United nations of nannies

I wanted to be Lady Liberty, but my nannies from foreign lands never became part of the family.

Published February 11, 2000 5:00PM (EST)

I didn't intend to hire nannies from so many different
countries. I started out believing in the perfect nanny just as I
had believed in the inevitability of true love. And I pursued my
nanny just as vigorously, bringing to my search optimism,
determination, perseverance and, perhaps most important, an open
mind. Unlike some mothers, I didn't have a preference for, say,
West Indian or European nannies. There was no continent or region
that I wouldn't consider. My only criterion was that the nanny I
hired come highly recommended.

So come they did. There was Loretta from Panama, Sophie from
France, Georgette from Ghana, Samantha from England, Yasmine from
Sweden and on and on. Looking back on it, I must have felt like
Lady Liberty and perhaps went on a suitably sized ego trip.

Yes, ego too was involved. I didn't just feel I needed a nanny,
I felt I deserved one. Even now, having been around the block a
few times, I feel envy toward the professional mothers who have
their nannies call me to arrange play dates. My thinking was: If
I've got the most important job in the world, where's my
secretary, my girl Friday? It seemed to me that a nanny was an
indispensable accouterment of accomplished motherhood.

My competitive streak made me a ready patsy in the nanny shell
game. But there was also inside me the girl from Cleveland who
had never convinced herself that she was a woman of the world. I
remember hearing one mother rattle off a list of the countries
from which her nannies had hailed: Turkey, Italy, Greece -- a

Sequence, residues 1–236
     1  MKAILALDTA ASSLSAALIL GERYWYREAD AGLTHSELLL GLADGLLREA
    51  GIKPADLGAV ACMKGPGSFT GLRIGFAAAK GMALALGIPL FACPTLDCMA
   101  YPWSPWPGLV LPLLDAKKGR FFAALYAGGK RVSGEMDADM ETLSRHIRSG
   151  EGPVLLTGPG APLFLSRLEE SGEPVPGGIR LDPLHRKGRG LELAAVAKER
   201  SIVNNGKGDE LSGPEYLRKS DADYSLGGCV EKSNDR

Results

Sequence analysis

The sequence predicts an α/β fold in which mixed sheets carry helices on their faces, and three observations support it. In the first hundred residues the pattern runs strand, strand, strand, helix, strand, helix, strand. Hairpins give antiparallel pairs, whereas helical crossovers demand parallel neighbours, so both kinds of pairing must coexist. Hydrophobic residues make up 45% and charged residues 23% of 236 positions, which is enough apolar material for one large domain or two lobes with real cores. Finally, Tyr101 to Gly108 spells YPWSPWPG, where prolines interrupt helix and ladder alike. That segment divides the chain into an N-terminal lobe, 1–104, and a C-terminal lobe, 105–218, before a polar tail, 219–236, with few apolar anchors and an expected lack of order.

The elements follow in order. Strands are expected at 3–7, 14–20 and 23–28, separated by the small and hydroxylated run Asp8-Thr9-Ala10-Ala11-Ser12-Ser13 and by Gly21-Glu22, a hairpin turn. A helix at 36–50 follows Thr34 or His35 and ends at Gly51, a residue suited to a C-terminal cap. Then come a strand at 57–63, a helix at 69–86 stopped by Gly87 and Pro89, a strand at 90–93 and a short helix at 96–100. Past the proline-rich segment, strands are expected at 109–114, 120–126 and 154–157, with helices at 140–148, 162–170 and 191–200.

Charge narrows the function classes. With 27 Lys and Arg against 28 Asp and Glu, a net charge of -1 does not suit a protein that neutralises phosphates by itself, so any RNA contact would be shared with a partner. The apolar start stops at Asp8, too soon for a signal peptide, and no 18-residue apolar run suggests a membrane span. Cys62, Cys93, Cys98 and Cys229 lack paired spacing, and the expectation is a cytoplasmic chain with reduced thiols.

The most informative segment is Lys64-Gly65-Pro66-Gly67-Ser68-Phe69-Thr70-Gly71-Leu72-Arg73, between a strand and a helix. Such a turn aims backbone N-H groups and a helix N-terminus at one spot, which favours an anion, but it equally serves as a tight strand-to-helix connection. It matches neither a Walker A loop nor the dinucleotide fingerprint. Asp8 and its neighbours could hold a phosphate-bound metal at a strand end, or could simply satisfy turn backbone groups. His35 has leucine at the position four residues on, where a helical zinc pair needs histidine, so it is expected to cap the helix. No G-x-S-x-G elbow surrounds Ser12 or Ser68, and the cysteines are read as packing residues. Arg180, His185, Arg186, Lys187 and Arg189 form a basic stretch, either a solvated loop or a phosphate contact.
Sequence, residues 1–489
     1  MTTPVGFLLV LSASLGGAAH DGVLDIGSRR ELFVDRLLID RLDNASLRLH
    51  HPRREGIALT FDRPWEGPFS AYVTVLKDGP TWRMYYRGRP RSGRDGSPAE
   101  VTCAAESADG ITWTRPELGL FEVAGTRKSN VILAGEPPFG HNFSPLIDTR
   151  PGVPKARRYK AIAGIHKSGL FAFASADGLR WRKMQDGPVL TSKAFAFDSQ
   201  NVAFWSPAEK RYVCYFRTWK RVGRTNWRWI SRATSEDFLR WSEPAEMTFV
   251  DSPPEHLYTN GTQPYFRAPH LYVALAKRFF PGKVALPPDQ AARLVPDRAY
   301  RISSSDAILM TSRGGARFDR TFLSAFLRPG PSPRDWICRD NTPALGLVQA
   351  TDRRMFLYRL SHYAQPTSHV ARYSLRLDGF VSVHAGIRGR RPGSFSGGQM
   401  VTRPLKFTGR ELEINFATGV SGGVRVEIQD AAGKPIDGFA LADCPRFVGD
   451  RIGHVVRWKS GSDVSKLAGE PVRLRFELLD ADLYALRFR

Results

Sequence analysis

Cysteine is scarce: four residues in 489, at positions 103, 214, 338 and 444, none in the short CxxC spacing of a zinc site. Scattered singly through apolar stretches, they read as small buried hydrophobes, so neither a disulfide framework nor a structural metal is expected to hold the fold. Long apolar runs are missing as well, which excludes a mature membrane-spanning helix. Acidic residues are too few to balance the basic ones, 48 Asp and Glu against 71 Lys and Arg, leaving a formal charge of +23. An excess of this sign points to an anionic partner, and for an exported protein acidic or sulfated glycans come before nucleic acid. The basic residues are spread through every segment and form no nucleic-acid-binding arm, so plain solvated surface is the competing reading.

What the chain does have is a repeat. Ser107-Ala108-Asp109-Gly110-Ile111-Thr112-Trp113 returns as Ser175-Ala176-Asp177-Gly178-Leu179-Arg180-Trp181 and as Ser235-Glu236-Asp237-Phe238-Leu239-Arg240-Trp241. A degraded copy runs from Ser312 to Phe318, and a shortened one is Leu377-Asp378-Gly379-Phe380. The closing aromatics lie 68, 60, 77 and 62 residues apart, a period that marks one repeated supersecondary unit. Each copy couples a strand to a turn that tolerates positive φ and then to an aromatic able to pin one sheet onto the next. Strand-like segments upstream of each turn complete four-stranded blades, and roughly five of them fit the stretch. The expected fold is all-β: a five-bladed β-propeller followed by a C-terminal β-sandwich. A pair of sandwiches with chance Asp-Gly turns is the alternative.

veritable travelogue of exotic locales. She sounded so
cosmopolitan, so superior, and it seemed that the next best thing
to visiting those countries was having a nanny from one of them.
Maybe better. After all, this approach saved time and money.
There was no jet lag and no need to pack light. I imagined her
children as little polyglots who, having soaked up all that
culture, would be advantageously situated for 21st century
globalization. And I thought: If she can do it, so can I.

When Yasmine came to us she seemed fertile with cultural
provenance. She had been born and raised in Sweden by her Swedish
mother and Nigerian father. Although they divorced when she was
5, she seemed proud of her mixed heritage. Yasmine was 13 when
her mother remarried and moved the family from Stockholm to a
small northern town close to Finland. There, Yasmine and her
sister would negotiate the difficulties of growing up
half-African in a world almost entirely blond and blue-eyed.
Their little half-brother, Peter, would have none of these
difficulties; he not only "looked Swedish" but was also blessed
with a family more stable than Yasmine had ever known. (Peter was
about the same age as my oldest son, Sam.)

Yasmine chatted nervously in the car on the trip to our house.